BANGKOK, Thailand� Thailand Deputy Prime Minister Gen Prawit Wongsuwan said Friday he could not discount the possibility that former Prime Minister Yingluck Shinawatra slipped out of the country two days ago via Cambodia enroute to Singapore as alleged by the media.

Gen Prawit, who is also the Defence Minister and minister responsible for internal affairs, nevertheless said that he had yet to receive any report regarding Yingluck.

"I don't know but I had followed the online media that said she has left the country. That could be true because there are many routes to escape (from Thailand)," he told reporters here Friday with regard to the mounting speculation on the whereabouts of Yingluck.

The media alleged that the younger sister of former prime minister Thaksin Shinawatra fled to neighbouring Cambodia through the Thai border town of Kho Chang two days ago before making her way to Singapore.

Prime Minister Gen Prayut Chan-o-cha has also instructed the authorities to closely monitor all "normal and abnormal" exits points in the country.

"I thought she was a brave person," he said on the failure of Yingluck to appear in court today, adding that he had not received any report regarding Yingluck and her possible location.

Meanwhile, Deputy National Police Chief Gen Srivara Rangsibrahmanakul said the police had contacted their counterparts in Cambodia and Singapore on the allegation, but had yet to receive any confirmation about the matter from both countries.

"Yes, we have contacted them (Cambodia and Singapore), but no confirmation as yet," he said, adding that there are possibilities that the former premier could have escaped through the natural border.

Srivara, who was met at the Supreme Court, said the police would take heed of the arrest warrant against Yingluck and "catch her.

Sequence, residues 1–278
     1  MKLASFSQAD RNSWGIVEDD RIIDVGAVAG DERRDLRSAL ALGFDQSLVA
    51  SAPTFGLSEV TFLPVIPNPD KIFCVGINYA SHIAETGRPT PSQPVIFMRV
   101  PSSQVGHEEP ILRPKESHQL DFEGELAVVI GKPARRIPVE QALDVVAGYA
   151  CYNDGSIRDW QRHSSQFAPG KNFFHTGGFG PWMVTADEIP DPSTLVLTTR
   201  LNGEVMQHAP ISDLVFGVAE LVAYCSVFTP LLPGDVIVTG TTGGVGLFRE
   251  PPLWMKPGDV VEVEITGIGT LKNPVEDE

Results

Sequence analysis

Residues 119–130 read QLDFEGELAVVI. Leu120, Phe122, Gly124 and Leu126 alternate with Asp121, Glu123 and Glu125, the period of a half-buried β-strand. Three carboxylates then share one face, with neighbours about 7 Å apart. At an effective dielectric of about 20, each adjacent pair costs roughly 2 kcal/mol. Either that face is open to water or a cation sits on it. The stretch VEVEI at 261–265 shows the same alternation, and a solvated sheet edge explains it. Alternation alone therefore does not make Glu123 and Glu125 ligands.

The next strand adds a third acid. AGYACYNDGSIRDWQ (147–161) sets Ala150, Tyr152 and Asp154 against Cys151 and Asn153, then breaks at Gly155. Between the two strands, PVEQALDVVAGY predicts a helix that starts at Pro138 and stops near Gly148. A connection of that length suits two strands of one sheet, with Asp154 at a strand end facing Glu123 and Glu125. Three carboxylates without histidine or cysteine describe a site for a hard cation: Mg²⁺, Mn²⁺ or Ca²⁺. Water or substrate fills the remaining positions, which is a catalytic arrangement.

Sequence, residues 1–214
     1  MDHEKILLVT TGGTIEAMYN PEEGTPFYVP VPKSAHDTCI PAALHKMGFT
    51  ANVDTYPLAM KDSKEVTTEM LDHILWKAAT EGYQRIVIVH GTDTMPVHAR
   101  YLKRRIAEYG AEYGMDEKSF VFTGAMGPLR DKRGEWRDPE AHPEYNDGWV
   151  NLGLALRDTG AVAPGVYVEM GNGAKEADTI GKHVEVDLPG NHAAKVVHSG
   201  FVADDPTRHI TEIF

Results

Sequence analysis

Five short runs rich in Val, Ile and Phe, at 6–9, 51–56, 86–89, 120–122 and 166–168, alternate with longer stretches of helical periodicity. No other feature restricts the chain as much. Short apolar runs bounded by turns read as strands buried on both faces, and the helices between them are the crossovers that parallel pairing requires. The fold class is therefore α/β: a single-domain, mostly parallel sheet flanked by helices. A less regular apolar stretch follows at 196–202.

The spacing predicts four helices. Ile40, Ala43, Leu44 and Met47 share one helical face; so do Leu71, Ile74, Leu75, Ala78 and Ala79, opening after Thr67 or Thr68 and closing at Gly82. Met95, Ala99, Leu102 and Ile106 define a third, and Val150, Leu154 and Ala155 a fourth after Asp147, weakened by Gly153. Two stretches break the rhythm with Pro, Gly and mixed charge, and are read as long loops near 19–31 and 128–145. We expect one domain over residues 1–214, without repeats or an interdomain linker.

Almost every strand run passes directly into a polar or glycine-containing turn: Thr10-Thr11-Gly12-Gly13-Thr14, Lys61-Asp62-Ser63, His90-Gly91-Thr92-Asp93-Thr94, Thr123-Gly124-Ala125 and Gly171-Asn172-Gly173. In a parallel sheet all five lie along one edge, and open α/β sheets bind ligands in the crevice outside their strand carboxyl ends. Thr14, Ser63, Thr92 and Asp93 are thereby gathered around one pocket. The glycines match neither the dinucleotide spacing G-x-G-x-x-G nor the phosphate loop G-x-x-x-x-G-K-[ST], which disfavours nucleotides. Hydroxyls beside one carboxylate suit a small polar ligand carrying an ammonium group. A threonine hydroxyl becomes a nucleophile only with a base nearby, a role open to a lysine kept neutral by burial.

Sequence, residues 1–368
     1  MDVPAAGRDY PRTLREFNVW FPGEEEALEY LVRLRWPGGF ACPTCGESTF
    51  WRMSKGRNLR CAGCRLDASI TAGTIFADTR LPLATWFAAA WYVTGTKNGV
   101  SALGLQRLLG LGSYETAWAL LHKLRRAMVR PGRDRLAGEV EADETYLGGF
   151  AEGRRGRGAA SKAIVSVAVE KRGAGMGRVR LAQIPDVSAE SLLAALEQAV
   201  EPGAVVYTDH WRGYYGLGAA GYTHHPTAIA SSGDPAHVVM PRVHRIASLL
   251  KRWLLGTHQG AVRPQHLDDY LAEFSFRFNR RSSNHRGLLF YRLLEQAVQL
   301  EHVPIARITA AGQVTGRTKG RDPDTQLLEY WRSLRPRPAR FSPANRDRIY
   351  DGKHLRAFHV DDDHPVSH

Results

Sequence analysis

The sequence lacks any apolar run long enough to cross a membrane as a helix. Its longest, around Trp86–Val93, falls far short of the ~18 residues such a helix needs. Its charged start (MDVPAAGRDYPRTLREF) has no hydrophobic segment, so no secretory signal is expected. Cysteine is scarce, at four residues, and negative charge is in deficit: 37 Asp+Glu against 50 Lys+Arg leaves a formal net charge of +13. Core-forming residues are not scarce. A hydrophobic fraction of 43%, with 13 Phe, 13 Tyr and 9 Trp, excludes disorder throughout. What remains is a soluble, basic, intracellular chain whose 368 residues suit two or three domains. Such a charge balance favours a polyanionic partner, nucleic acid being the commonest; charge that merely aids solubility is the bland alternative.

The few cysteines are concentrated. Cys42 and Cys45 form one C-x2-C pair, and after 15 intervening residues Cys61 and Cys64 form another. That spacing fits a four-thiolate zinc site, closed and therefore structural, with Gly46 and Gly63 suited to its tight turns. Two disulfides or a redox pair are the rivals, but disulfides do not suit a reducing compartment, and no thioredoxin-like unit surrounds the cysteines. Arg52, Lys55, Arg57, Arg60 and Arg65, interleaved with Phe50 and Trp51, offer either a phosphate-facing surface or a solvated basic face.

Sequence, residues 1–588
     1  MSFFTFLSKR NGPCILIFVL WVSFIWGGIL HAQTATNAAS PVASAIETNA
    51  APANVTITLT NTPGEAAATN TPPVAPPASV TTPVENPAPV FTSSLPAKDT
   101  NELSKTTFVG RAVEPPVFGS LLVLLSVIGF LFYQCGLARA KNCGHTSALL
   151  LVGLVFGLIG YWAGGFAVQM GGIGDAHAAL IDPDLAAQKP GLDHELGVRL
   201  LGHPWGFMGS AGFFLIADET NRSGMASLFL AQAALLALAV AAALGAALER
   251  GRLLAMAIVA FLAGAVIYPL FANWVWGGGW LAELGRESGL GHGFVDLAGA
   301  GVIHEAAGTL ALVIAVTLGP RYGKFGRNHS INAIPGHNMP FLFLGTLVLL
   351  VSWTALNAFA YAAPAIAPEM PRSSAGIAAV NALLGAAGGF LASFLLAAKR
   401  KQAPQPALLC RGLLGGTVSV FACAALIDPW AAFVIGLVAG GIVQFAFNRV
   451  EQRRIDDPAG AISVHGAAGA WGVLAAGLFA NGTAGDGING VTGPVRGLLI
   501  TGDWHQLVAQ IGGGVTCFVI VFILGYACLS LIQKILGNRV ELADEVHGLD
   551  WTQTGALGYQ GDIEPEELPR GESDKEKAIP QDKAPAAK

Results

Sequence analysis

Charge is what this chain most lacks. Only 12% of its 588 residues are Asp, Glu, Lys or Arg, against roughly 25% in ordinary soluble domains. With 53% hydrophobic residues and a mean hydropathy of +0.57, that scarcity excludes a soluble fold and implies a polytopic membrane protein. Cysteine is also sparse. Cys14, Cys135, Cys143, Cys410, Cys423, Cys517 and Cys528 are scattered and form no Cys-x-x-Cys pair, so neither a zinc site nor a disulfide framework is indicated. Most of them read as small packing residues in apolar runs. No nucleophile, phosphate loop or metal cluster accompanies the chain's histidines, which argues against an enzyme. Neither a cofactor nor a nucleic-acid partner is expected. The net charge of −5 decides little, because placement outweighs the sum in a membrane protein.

Yingluck, 50, the first female Thai Prime Minister, was to have attended the Supreme Court hearing Friday to hear its verdict on her involvement in the controversial rice-pledging scheme, but failed to show up, sparking intense speculation as to her whereabouts.

Her brother, Thaksin, also fled Thailand to escaped court action in 2008.

Lawyer, Norrawit Larlaeng, who represented Yingluck, cited health problems as the reason behind her absence today when met by the media after the court adjourned.

The court did not accept the reason and issued an arrest warrant against the former premier, who faces the prospect of up to 10 years in jail if found guilty. Following Yingluck's absence today, the court agreed to postponed the verdict to 9 am on Sept 27.

Meanwhile, the country's top immigration official insisted there was no sign former Prime Minister Yingluck Shinawatra has fled the country as speculation mounted that she had slipped out of the kingdom to escape court action.

According to Lt Gen Nattathorn Phrousunthon, there was no immigration records showing she had left the country.

"There is no immigration record that she has left the country. Yingluck is actually banned from travelling abroad since 2015," he said when contacted here.